This case concerned an employee who sustained a workplace injury and was granted a 5% permanent medical impairment as a result. Over twenty years later, additional medical information indicated that the employee’s injuries were more severe than originally appreciated. The employee thus sought a reconsideration of his original claim and an increase to his permanent medical impairment. The tribunal would not reconsider the original claim. The Court remitted the decision back to the tribunal for reconsideration. The Court found that the tribunal erred in its consideration of the criteria for new evidence, for reconsideration purposes, and summarized the appropriate test for the introduction of new evidence for reconsideration purposes.

28. February 2012 0

Administrative law – Decisions of administrative tribunals – Workers Compensation Boards – Benefits – Judicial review –  Evidence – Fresh evidence – admissibility

Drake v. Nova Scotia (Workers’ Compensation Appeals Tribunal), [2012] N.S.J. No. 25, 2012 NSCA 6, Nova Scotia Court of Appeal, January 23, 2012, J.E. Fichaud, D.R. Beveridge and D.P.S. Farrar JJ.A.

The appellant employee, a former underground mine industrial electrician, sustained a workplace injury in 1987. In 1988, he was granted a 5% permanent medical impairment (“PMI”) for the injuries sustained in the accident. The appellant appealed his 5% PMI rating to a hearing officer of the Worker’s Compensation Board (“WCB”). His appeal was dismissed. He then appealed that decision to the Worker’s Compensation Appeals Tribunal (“WCAT”), but that appeal was also dismissed.

In 2009, the employee adduced additional medical information indicating that he sustained more severe symptoms that originally appreciated. He sought to have his original claim reconsidered in order to increase his PMI rating. The claims adjudicator determined that the employee’s original claim would not be reconsidered, but awarded the employee a 20% PMI rating for his condition, retroactive to August 2008. The claim’s adjudicator’s decision was appealed to a hearing officer on the basis that the adjudicator erred in failing to consider the additional information as “new evidence”. The appeal was dismissed. The employee then appealled that decision to the WCAT on the basis that: (a) the additional information submitted was new evidence which entitled the employee to a reconsideration of his original 5% PMI and (b) the effective date for the 20% PMI ought to have been sometime in 1988. The WCAT held that the additional information was “inconsequential” and would not impact the final decision and the August 2008 effective date was reasonable and appropriate. The employee appealed the WCAT’s decision to the Nova Scotia Court of Appeal. The issues before the Court was: (1) whether the WCAT erred in failing to apply the proper test for reconsideration, (2) whether the WCAT erred in finding that a judgment rating was not warranted for the appellant’s condition and (3) whether the WCAT erred in upholding the determination that the effective date of the increase to his PMI rating should be August 2008.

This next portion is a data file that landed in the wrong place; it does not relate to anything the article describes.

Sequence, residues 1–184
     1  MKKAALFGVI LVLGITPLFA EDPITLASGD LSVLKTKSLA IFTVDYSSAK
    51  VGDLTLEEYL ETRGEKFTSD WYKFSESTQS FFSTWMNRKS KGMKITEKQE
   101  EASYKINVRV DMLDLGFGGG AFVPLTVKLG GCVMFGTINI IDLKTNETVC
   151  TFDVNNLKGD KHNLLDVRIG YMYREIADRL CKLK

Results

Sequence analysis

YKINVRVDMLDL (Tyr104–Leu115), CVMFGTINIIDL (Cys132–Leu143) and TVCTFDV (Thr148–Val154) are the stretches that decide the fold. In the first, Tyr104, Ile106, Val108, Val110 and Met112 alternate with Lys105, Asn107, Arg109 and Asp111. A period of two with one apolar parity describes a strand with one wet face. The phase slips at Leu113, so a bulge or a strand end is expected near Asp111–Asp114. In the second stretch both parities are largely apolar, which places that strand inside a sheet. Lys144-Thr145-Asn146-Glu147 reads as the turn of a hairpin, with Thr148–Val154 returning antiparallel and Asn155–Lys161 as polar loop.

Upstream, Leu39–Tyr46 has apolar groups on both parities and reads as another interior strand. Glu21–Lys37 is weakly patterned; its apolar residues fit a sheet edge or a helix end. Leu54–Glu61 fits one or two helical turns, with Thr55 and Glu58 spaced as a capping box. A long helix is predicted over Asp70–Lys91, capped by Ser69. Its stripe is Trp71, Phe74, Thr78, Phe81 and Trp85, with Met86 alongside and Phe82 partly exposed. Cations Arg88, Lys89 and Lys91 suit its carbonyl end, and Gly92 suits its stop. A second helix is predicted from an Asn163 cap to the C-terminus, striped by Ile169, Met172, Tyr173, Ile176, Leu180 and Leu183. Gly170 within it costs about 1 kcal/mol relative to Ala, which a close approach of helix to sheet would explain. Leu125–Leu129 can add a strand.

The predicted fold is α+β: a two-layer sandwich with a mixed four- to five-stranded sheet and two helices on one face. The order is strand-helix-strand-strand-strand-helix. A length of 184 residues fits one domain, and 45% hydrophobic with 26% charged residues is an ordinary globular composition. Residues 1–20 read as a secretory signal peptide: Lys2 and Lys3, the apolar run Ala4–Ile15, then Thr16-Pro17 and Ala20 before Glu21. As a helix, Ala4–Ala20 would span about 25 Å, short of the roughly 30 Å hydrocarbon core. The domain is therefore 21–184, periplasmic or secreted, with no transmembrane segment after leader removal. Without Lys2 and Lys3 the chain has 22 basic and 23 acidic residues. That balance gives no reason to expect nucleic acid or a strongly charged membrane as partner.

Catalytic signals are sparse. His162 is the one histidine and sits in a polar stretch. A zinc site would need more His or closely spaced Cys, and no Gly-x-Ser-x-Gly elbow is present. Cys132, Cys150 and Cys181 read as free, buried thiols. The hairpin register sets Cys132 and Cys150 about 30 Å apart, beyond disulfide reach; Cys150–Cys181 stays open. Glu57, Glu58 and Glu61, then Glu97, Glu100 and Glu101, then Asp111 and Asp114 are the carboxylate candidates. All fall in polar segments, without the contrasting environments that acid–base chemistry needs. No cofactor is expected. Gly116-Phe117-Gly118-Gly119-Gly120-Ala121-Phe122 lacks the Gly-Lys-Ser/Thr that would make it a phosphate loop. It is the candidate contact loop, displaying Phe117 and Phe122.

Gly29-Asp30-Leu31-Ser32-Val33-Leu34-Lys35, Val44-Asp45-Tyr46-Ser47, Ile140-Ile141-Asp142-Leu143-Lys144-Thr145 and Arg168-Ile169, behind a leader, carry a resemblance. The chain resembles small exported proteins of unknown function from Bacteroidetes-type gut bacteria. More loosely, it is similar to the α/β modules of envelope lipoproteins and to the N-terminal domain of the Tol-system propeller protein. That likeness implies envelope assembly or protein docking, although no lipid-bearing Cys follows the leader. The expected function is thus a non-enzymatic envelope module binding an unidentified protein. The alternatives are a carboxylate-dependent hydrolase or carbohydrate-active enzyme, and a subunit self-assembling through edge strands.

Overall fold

The Court allowed the appeal in part. Regarding issue (1), the Court held that the WCAT erred in its consideration of the criteria for new evidence and thus found the decision to be unreasonable. The Court summarized the twofold test for the introduction of new evidence. The Court stated that the evidence submitted must be new evidence, in the sense of not being a reiteration of old evidence, and not available at the time of the original decision and must be capable of impacting on the original decision. If the new information fulfills the said criteria, then it is to be scrutinized, along with the evidence already on file, to determine whether the totality of the evidence justifies altering the original decision.

Regarding issue (2), the Court found that the WCAT applied the proper test for determining whether a judgment rating was appropriate, and properly considered the available medical opinions. Regarding issue (3), since the Court determined that WCAT failed to apply the proper test to reconsideration of the appellant’s new evidence and ordered a reconsideration of the appellant’s original claim based on the introduction of new evidence, the Court declined to address this ground of appeal at this time.

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